Friday, April 30, 2010
My sister and I were very close in age, and early on, she took it upon herself to become my personal tutor. She drilled me on my facts and figures, and was the person who, along with the aid of a paper turtle clock complete with hands, taught me how to tell time. Although I was a proficient reader early on, this particular skill eluded me well into elementary school! Long before she studied photography officially and became a photography teacher, my sister was skilled in composition and design and all things visual. I on the other hand, had no sense of design or composition, and my snapshots invariably turned out black! She has been giving me photography tips ever since. This snapshot she took peaked my interest, and she graciously allowed me to paint a picture from her photo. "Red Ball" is a large scale acrylic painting on paper, 38" x 50" completed in 1980.
Thursday, April 29, 2010
One day when I was walking to a drawing class at the San Francisco Art Institute I spotted a unique seedpod. It was on the cobblestone sidewalk across the street from the school. I thought it must have fallen from a tree or a nearby bush, and looked around at the nearby foliage for the source of the strange seedpod. It looked to me like the head of an animal--an antelope or goat perhaps, and I imagined myself fashioning the rest of the creature from sticks and leaves. I thought it was quite benign, and I imagined an endearing creature trotting about in a playful manner. At least it was not sinister in any possible stretch of my imagination. It sat on my shelf for a time, and somehow it seemed to harmonize with two other objects that were visually appealing--a beautiful shell, which harbored secrets unfathomable, and a broken light bulb, which probably signified a bad idea! At worst, the seedpod was a vegan alternative to an O'Keeffe skull! At best, it represented my prancing creature! Only recently did I find out that the seedpod is native to the Southwest, and is known by sinister names--but I don't believe any of that! "Still Life with Shell" is a colored pencil drawing on paper, 14" x 35," drawn in 1979.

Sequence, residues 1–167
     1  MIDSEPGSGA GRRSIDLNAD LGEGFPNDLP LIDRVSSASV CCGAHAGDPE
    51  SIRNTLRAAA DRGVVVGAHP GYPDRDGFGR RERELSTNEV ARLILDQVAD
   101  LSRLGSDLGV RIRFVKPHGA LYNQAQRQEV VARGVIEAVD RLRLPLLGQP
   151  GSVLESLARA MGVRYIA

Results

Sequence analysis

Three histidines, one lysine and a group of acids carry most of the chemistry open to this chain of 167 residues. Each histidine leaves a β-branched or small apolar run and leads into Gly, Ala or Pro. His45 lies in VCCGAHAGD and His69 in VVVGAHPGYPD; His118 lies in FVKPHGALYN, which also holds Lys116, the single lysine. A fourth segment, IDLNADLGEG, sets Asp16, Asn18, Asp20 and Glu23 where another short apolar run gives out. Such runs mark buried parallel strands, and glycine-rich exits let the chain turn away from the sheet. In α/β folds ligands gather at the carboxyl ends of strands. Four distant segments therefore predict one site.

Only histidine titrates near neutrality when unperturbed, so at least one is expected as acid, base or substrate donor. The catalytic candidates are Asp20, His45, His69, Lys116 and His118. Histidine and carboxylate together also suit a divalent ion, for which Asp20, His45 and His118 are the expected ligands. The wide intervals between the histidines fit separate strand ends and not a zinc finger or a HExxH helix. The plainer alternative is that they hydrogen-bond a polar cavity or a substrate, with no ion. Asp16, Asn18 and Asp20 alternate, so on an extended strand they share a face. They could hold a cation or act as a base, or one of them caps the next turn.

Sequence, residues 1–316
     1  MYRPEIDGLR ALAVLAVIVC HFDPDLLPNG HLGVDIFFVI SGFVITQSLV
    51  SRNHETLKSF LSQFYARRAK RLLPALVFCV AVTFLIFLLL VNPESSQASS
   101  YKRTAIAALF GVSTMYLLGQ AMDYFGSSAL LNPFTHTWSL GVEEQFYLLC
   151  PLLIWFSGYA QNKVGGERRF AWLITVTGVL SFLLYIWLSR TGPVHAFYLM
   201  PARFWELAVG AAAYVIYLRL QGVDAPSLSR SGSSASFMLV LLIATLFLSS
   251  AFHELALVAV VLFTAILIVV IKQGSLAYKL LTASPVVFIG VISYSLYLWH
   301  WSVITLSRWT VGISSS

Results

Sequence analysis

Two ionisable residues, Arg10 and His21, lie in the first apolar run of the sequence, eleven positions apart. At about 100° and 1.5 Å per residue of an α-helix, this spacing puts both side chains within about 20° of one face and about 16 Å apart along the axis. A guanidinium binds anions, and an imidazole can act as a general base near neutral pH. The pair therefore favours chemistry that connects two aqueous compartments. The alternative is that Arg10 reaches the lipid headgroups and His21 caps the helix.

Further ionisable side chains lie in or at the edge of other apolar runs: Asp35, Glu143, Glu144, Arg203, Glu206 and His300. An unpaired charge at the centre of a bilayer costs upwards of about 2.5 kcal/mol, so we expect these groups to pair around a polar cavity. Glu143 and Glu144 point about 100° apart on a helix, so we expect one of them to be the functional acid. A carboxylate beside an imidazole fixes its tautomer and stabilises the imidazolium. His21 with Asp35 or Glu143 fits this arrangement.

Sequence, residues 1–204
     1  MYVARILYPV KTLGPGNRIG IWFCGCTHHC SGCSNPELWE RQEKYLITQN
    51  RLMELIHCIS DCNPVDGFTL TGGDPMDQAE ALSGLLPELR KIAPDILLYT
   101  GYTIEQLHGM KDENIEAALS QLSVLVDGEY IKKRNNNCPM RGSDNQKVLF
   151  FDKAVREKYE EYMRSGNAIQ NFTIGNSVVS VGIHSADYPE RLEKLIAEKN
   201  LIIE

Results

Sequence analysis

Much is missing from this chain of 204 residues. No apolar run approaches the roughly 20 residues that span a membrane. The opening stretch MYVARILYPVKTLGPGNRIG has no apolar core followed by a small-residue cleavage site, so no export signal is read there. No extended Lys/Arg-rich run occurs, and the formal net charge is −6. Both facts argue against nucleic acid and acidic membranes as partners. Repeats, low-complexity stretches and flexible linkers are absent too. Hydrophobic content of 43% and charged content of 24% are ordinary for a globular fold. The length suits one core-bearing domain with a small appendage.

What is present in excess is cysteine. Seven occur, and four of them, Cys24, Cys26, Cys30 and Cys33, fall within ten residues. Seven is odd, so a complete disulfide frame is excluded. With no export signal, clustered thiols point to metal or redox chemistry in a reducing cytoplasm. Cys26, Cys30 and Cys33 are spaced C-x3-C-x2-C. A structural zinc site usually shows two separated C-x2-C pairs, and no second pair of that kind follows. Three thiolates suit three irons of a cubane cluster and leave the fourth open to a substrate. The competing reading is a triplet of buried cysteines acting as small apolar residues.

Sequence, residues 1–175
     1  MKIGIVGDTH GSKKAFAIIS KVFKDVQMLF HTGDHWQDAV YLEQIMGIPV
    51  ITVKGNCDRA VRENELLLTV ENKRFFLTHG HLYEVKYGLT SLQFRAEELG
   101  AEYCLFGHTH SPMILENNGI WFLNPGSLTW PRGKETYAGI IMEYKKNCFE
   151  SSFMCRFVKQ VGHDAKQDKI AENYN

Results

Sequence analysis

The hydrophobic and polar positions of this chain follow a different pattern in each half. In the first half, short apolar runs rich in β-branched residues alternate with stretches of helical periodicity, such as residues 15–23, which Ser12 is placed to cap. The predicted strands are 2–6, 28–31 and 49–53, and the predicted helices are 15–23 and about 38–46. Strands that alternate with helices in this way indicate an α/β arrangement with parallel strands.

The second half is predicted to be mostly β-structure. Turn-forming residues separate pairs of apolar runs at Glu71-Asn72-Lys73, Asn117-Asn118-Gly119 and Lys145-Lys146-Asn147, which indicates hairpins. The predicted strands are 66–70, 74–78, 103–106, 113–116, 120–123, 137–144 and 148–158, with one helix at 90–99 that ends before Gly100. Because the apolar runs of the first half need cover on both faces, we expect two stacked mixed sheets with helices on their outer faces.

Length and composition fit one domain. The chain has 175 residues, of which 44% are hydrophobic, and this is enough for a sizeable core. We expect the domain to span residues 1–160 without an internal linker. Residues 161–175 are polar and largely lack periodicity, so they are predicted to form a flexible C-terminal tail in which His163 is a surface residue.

Wednesday, April 28, 2010
Take a brisk walk or leisurely jog to the pier in the early morning. Make sure to note lifeguard station number 25. The beach is fairly deserted except for the occasional gull . Walk down the pier and back, pass the empty volleyball courts and the playground equipment. No bicyclists or roller skaters are out yet.
Back home, slice the cantaloupe, heat the croissants, make coffee. Relax on the deck and enjoy the morning. "Cantaloupe and Croissants" is an acrylic and oil painting on canvas, 50" x 70," painted in 1982.
Tuesday, April 27, 2010